Feature

Testing peace in Northern Ireland

What a dissident Irish Republican Army faction hoped to accomplish by killing two soldiers

There are signs of a return to "the bad old days" in Northern Ireland, said The New York Times in an editorial. Gunmen claiming to be members of a splinter group of the Irish Republican Army killed two British soldiers on Saturday, in the first deadly attack on the British military since the 1998 Good Friday peace agreement. At least this time all sides immediately condemned the violence—so maybe peace will pass this test.

Not all sides, said Andrew Catherwood in Britain's The Times. Northern Ireland's "silent majority" have yet to "raise their heads above the parapet, to say this peace, imperfect though it is, is too precious and hard won to be lost."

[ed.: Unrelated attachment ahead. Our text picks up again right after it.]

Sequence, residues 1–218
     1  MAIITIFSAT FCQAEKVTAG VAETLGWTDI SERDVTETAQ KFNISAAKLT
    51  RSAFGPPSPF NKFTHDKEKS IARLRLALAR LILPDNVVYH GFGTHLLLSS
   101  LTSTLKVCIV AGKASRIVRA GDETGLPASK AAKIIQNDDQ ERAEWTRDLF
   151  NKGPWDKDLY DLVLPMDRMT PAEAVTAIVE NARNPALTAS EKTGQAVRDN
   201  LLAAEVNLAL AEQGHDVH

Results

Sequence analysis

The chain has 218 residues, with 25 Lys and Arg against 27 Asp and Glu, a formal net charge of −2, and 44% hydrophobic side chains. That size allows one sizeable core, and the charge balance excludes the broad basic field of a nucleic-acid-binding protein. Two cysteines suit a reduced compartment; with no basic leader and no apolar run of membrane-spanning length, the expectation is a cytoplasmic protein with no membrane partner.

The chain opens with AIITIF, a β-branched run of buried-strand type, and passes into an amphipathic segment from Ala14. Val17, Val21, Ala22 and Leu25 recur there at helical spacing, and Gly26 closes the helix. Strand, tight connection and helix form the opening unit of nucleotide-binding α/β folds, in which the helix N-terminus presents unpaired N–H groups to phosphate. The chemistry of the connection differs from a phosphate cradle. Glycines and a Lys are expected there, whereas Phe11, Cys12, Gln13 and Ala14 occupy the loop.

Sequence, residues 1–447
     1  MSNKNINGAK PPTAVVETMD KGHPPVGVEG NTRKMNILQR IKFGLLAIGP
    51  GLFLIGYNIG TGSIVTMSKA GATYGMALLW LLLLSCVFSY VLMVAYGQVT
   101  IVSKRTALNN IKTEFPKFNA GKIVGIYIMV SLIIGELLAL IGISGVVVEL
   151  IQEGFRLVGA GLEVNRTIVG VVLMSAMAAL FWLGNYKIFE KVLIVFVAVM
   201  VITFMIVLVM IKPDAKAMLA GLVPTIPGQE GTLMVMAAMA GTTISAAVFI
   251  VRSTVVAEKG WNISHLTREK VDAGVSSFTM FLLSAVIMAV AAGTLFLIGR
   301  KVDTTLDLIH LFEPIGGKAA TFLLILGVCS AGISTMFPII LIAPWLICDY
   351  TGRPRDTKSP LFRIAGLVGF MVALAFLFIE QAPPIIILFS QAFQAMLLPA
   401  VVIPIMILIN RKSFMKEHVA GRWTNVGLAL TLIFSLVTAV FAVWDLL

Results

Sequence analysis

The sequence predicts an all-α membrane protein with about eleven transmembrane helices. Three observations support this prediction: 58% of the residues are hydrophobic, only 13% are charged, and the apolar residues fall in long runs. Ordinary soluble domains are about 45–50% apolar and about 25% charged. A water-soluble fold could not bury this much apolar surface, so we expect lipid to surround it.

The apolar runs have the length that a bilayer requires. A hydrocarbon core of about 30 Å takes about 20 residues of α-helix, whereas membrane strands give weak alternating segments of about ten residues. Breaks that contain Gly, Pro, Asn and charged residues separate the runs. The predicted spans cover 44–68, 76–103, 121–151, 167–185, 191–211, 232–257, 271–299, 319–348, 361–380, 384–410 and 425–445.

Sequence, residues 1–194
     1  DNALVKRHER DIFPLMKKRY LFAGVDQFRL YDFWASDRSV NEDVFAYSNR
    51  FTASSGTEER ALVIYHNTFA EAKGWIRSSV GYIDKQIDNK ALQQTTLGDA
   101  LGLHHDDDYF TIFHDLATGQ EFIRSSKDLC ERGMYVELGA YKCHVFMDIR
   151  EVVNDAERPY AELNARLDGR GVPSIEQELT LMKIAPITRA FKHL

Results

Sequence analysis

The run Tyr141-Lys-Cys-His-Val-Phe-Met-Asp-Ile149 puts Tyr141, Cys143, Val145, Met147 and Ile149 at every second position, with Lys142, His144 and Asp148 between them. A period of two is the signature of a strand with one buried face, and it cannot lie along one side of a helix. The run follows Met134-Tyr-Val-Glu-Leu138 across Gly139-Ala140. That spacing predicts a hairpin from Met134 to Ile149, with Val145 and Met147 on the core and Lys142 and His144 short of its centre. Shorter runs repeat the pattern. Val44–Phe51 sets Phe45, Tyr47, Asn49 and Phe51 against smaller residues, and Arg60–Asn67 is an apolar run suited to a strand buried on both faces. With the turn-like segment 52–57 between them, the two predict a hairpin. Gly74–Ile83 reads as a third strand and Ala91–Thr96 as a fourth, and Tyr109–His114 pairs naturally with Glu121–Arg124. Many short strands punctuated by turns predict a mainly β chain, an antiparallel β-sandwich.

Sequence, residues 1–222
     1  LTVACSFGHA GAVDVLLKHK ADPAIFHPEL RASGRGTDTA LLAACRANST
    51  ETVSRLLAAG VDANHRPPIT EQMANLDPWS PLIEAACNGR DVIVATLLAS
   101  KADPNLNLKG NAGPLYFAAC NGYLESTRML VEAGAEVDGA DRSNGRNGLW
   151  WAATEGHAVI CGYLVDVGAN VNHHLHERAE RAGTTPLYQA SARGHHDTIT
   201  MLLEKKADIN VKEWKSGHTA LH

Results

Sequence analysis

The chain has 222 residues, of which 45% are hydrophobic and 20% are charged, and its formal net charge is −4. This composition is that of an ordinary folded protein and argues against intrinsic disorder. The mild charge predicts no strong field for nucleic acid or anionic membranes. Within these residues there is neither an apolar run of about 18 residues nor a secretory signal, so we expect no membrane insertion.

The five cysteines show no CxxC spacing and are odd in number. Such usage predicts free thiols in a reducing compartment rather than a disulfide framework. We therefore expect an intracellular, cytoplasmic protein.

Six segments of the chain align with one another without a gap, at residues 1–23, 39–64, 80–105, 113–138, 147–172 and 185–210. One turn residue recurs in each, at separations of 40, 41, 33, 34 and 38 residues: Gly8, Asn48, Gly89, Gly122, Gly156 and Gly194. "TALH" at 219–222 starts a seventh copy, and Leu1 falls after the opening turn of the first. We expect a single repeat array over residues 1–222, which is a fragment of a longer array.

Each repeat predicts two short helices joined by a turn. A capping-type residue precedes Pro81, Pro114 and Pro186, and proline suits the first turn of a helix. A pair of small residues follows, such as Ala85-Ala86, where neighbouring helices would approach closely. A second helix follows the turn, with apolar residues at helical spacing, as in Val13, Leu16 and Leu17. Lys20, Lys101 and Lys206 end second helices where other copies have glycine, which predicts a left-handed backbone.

Gerry Adams and other leaders are aware of what the killers in the so-called Real IRA are trying to do, said Gerry Moriarty in The Irish Times. The deadly assault during a pizza delivery to the Massereene Barracks was meant to jump-start the cycle of violence and bring British soldiers back to the streets. So far, all leaders—Catholic and Protestant—have shown they don't intend to fall into the "trap."

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